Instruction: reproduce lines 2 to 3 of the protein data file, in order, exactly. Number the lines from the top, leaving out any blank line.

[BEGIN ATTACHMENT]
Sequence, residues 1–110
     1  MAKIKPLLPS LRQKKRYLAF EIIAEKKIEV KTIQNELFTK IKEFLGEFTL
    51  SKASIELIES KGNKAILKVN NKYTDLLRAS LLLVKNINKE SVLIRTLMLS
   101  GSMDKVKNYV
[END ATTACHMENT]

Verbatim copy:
     1  MAKIKPLLPS LRQKKRYLAF EIIAEKKIEV KTIQNELFTK IKEFLGEFTL
    51  SKASIELIES KGNKAILKVN NKYTDLLRAS LLLVKNINKE SVLIRTLMLS